The vision of a Haitian destination in South Florida, where Haitian immigrants could live, work, worship and do business was dreamed up by Viter Juste.
“If you could go through life and change one life, you have done something good with yourself,” Patrick Juste said about his father’s philosophy on life.
Viter Juste was a Haitian-born businessman, community leader and activist who is credited with being the first to call a section of the Northeast Second Avenue corridor “Little Haiti.”
“We need to create something for us, ” Winnick Blain, Viter Juste’s grandson said. “It doesn’t make sense for you to escape a country, and then come here, a country where there are opportunities, and still fall back to the same thing you were doing in the other country. Take advantage of it. He led the process. He showed the way.”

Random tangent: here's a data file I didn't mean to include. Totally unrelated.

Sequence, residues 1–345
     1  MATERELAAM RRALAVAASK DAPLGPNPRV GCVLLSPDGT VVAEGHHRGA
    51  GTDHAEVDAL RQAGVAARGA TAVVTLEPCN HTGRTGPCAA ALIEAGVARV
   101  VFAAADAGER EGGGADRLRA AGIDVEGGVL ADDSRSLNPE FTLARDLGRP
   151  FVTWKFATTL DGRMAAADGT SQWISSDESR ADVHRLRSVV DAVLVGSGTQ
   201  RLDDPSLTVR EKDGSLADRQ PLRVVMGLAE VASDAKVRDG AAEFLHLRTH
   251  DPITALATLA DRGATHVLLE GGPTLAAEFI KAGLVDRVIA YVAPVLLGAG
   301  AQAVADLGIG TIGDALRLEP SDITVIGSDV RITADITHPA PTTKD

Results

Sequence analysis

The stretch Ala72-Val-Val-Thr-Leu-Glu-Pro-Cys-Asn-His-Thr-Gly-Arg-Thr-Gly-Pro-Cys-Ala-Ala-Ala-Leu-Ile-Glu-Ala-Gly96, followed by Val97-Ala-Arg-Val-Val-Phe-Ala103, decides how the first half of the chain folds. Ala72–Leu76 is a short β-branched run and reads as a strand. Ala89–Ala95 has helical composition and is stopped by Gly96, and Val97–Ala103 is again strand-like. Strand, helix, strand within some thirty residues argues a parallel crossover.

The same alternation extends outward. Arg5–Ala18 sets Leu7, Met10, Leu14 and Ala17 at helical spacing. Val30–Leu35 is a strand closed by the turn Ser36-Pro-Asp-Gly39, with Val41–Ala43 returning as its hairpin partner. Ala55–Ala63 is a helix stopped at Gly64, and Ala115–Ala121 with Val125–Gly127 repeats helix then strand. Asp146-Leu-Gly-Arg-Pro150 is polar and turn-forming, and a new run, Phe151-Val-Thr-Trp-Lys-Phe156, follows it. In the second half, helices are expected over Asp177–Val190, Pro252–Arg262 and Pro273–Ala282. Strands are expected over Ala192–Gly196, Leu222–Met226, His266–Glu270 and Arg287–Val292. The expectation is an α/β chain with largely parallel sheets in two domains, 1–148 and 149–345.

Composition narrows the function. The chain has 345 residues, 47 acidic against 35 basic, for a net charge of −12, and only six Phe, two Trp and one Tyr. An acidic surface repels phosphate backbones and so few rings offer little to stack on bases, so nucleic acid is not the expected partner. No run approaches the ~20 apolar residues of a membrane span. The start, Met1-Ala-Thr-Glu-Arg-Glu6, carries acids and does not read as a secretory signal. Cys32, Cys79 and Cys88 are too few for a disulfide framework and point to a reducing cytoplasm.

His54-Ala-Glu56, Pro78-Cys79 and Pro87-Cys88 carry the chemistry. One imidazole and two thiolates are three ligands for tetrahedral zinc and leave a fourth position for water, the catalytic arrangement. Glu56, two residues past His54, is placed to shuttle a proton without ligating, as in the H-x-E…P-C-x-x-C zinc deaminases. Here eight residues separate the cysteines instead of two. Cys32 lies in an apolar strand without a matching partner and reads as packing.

Earlier this year, when Miami city leaders unanimously designated Lemon City as Little Haiti, crowds cheered inside city hall.
“You can’t say welcome to Little Haiti without putting the pioneers of Little Haiti” Serge Toussaint, an artist, said.
Toussaint, a Haitian-born artist, is painting a mural off Northeast 59th Street and Second Avenue featuring Viter Juste.
“If you go on Calle Ocho, Little Havana, as soon as you walk up in there, you have a sense of the Cuban community,” Toussaint said, adding he wants that same cultural feeling to come through when entering Little Haiti.
SOURCE: ABC Local 10 News – Layron Livingston